It is an honor and privilege to serve as the President of the Society of Government Economists (SGE) for a third term, starting in May 2016. I am humble and deeply grateful to the membership and the board of directors for electing me and providing me with this opportunity.
The SGE is a nonprofit (501(c)3) and membership supported organization registered in the District of Columbia. It was founded in 1971. Its object is to support the professional development of government economists and those who are interested in public policy economics, by affording them research, publication, and professional communication opportunities. The Society also strives to promote educational and scholarly exchange on the many facets of economic affairs, as it encourages the freedom of research and abides by ethical guidelines of our profession.
To accomplish its mission, SGE holds an annual conference and several sessions at the annual meetings of the AEA that follow a highly competitive and selective process. The Society often partners with other economics associations having sessions at their annual meetings (the Southern Economic Association and Eastern Economic Association), holds monthly luncheons with distinguished speakers, evening seminars on topical issues, and provides a variety of information on its website such as call-for-papers of other organizations, announcements, etc.
With my newly-elected board, we are engaged in strategic planning to contemplate our society’s future. Our priorities are to strengthen the SGE membership and serve our members and our community as best we can. To this end, I urge you to become involved with SGE and spread the word to your colleagues encouraging them to join us. Please, help us reach out to colleagues at different local or federal agencies, non-profit organizations and even non-governmental organizations.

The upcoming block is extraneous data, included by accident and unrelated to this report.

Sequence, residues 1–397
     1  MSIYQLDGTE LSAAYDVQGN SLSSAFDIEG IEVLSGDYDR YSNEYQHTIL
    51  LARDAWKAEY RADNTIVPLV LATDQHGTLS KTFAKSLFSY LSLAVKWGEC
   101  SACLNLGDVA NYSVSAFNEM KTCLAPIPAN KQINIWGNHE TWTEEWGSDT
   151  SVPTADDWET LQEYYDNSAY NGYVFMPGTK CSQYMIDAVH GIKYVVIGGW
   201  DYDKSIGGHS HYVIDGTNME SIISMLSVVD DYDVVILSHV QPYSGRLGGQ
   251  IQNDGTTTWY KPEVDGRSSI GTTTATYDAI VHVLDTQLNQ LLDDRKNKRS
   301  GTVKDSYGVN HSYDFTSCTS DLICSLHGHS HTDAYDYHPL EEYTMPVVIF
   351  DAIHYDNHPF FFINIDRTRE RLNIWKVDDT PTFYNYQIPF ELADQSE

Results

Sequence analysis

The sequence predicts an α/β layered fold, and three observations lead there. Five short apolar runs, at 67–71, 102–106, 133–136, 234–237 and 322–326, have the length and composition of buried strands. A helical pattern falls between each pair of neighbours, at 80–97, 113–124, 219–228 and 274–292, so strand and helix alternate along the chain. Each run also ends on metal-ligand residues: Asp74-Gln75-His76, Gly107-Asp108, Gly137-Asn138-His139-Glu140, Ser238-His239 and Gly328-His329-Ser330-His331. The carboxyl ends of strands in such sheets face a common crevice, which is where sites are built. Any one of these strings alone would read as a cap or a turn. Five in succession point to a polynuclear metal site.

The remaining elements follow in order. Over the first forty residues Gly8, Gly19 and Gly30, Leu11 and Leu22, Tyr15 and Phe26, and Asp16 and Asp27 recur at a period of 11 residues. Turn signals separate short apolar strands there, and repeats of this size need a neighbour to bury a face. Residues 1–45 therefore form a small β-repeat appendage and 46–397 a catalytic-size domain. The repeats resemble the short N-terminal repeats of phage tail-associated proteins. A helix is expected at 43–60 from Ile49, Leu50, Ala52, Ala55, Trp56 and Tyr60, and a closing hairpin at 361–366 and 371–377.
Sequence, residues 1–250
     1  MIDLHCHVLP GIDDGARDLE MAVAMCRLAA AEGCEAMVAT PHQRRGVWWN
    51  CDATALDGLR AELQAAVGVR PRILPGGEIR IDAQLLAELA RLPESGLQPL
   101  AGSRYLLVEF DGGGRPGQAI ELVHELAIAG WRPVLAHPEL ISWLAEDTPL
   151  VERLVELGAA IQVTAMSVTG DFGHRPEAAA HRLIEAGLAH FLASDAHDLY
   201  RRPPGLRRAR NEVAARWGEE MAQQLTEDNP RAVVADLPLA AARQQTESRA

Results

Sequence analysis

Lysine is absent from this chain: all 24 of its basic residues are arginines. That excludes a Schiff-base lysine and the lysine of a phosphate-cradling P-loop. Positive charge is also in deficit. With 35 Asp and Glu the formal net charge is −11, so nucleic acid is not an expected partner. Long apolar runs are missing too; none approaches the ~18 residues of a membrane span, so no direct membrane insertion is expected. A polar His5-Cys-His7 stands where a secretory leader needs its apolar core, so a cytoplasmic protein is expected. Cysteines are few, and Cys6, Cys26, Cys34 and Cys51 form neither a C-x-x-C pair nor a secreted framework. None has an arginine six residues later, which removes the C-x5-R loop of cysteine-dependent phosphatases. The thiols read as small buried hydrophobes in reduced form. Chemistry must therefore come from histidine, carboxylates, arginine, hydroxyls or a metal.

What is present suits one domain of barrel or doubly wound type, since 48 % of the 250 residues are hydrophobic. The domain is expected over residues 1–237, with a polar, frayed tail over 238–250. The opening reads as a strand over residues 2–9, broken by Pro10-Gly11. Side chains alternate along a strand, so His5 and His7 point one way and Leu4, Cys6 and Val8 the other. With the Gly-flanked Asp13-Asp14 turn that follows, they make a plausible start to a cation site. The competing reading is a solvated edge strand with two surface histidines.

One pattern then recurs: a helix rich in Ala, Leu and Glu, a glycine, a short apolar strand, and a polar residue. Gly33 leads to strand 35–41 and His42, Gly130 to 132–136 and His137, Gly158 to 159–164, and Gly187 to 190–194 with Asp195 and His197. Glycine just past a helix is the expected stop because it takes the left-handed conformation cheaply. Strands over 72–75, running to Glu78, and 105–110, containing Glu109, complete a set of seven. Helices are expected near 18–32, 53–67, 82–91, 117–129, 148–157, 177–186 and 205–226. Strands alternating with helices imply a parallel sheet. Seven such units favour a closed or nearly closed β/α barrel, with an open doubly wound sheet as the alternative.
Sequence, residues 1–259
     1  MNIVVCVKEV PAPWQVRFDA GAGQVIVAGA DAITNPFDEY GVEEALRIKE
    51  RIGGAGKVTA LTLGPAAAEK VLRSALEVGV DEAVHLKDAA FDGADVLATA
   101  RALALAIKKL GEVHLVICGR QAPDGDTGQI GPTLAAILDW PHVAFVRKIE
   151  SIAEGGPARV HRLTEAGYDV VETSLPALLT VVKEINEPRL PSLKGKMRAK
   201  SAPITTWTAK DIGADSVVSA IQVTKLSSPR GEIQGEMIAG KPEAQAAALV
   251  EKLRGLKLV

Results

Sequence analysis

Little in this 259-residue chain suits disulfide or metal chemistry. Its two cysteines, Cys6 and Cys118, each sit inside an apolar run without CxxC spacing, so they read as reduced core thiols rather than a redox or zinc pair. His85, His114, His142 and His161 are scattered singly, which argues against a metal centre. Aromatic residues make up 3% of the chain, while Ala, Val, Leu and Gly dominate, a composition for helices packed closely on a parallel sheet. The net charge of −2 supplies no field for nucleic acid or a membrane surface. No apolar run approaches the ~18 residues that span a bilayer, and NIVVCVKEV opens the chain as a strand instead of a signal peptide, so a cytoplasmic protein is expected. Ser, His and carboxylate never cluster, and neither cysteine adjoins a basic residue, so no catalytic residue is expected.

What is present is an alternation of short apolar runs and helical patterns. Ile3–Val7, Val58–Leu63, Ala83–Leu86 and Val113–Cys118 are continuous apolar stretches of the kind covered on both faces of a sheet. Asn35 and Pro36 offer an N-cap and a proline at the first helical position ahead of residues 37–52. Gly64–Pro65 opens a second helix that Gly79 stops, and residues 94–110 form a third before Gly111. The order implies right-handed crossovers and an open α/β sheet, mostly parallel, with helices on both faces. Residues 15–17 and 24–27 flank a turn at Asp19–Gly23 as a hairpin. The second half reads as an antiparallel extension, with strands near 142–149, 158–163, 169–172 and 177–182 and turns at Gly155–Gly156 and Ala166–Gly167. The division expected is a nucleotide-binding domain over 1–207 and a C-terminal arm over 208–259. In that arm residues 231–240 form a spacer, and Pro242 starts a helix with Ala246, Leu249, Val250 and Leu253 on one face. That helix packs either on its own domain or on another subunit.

I am proud to report some highlights of our achievements and successes during the last year. I start with our latest triumph: The Annual Conference of SGE at the Bureau of Labor Statistics on May 13, 2016. Professor John Abowd, Cornell University and the Census Bureau, delivered the luncheon keynote “The Fate of Empirical Economics When All Data Are Private.” The conference had fourteen sessions covering new fascinating research in economics and attracted more than one hundred participants from the government, academia and the private sector.
We were also successful in holding eight SGE sessions at the Southern Economic Association Annual Meeting (Nov. 2015) and the Eastern Economic Association Annual Meeting (Feb. 2016) and organize another eight sessions at the AEA Annual Meeting in San Francisco (Jan 2016). Our evening seminars covering topical issues in economics are going strong; they are very well attended. Equally important and successful are our luncheons that we organize in cooperation with the National Economists Club. Keeping up with technology and new media of communication, the Society now has a linkedin and a facebook page and we are working on being present in all other outlets. Please, follow us and send us your feedback.
As we move towards the 2016 presidential elections, the new U.S. President in 2017, and many unresolved bills of the Federal government, SGE’s members will be busy analyzing, evaluating, communicating their results to the public and improving public understanding.
I welcome all new SGE members to our Society and all new board members and I am looking forward to working with my board and all of you for the good of our society.
Amelie Constant, Ph.D.